Prum, R.O. and W. E. Lanyon. 1989. Monophyly and phylogeny of the Schiffornis group (Tyrannoidea). Condor 91:444–461.

Prum, R. O., Rice, N. H., Mobley, J. A., and Dimmick, W. W. 2000. A preliminary phylogenetic hypothesis for the cotingas (Cotingidae) based on mitochondrial DNA. Auk 117: 236-241.

Sibley, C. G., and J. E. Ahlquist. 1985. Phylogeny and classification of New World suboscine passerines (Passeriformes: Oligomyodi: Tyrannides). Ornithol. Monogr. 36:396-430.

Tello, J. G., R. G. Moyle, D. J. Marchese, and J. Cracraft. 2009. Phylogeny and phylogenetic classification of the tyrant flycatchers, cotinga, manakins, and their allies (Aves: Tyrannides). Cladistics 25:1-39.

Title Illustrations
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Scientific Name Iodopleura pipra
Location Angelim Reserve, São Paulo state, Brazil
Comments This one is endemic to the lowland rainforests of Brazil, a habitat that has been reduced to a tiny fraction of it's original extent. Fortunately they are still easy to see in a few places.
Specimen Condition Live Specimen
Copyright © Nick Athanas
Scientific Name Schiffornis virescens
Location Mata úmida de Boa Nova, Bahia, Brazil
Specimen Condition Live Specimen
Source Schiffornis virescens_Greenish Schiffornis
Source Collection Flickr
Copyright © 2008 Ciro Albano
Scientific Name Tityra semifasciata
Location along the forest trail north of Sangayta, Nayarit, Mexico
Specimen Condition Live Specimen
Source WMex09_D-40-0568a
Source Collection Flickr
Image Use creative commons This media file is licensed under the Creative Commons Attribution-NonCommercial-ShareAlike License - Version 2.0.
Copyright © 2009 Jerry Oldenettel
About This Page

Correspondence regarding this page should be directed to John Harshman at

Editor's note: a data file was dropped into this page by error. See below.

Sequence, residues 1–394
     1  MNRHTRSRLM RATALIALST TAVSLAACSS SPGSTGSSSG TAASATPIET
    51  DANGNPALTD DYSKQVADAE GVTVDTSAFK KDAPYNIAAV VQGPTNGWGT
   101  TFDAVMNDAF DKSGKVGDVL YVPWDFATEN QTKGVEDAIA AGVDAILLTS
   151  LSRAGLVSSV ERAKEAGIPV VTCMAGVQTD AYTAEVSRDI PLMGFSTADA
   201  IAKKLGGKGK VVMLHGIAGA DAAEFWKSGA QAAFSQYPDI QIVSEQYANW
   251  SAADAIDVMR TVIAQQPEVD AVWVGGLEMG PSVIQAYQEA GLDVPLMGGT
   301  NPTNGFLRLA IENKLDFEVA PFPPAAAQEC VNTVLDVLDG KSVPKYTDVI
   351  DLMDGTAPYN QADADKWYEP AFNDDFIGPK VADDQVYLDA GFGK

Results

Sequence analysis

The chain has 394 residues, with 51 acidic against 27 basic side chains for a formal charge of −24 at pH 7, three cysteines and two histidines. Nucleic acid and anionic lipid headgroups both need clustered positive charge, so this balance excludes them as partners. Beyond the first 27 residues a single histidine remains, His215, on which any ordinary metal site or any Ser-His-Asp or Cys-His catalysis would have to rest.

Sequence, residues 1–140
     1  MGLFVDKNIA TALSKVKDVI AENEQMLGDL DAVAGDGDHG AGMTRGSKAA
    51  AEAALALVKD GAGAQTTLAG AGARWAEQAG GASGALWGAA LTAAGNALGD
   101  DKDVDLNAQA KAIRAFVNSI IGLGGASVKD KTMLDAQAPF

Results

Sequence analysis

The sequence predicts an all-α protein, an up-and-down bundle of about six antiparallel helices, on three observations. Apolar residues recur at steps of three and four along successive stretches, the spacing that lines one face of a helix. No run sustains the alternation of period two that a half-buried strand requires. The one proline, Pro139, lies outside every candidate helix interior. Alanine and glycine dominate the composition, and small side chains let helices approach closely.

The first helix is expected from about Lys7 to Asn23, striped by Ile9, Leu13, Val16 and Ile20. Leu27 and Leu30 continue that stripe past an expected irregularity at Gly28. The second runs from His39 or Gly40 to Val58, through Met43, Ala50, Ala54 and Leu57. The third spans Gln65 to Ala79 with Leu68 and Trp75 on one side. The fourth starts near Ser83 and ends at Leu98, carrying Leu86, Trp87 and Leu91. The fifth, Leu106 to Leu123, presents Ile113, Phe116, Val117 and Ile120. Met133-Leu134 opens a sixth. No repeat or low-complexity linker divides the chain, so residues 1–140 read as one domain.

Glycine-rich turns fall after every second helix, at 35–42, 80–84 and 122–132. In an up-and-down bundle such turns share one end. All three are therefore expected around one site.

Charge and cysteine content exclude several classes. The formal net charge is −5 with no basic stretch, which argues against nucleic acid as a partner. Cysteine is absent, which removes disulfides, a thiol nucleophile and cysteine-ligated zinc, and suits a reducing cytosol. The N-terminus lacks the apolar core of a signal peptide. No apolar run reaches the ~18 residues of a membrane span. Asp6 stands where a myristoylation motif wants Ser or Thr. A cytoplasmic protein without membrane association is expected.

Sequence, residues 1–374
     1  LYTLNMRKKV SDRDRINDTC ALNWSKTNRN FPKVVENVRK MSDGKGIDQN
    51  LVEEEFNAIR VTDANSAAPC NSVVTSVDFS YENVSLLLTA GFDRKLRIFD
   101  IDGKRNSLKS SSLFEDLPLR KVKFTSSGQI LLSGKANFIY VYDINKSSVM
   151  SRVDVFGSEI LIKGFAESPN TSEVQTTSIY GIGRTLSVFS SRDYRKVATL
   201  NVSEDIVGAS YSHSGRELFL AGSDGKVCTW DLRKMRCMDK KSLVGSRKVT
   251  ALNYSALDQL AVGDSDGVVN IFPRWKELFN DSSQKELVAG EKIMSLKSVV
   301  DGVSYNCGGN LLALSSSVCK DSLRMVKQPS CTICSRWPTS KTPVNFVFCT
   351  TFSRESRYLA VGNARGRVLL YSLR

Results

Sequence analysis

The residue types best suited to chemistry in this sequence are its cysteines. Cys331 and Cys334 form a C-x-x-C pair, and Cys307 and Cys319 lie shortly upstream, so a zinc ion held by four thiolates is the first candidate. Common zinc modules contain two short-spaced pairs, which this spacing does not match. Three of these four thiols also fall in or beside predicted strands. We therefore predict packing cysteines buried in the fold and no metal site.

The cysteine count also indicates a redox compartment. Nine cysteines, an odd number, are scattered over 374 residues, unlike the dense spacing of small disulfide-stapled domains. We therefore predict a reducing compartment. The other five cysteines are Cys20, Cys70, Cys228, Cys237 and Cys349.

Page: Tree of Life Tityridae. Authored by John Harshman. The TEXT of this page is licensed under the Creative Commons Attribution-NonCommercial License - Version 3.0. Note that images and other media featured on this page are each governed by their own license, and they may or may not be available for reuse. Click on an image or a media link to access the media data window, which provides the relevant licensing information. For the general terms and conditions of ToL material reuse and redistribution, please see the Tree of Life Copyright Policies.

Citing this page:

Harshman, John. 2009. Tityridae. Version 28 November 2009 (under construction). http://tolweb.org/Tityridae/67996/2009.11.28 in The Tree of Life Web Project, http://tolweb.org/

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Each ToL branch page provides a synopsis of the characteristics of a group of organisms representing a branch of the Tree of Life. The major distinction between a branch and a leaf of the Tree of Life is that each branch can be further subdivided into descendent branches, that is, subgroups representing distinct genetic lineages.

For a more detailed explanation of the different ToL page types, have a look at the Structure of the Tree of Life page.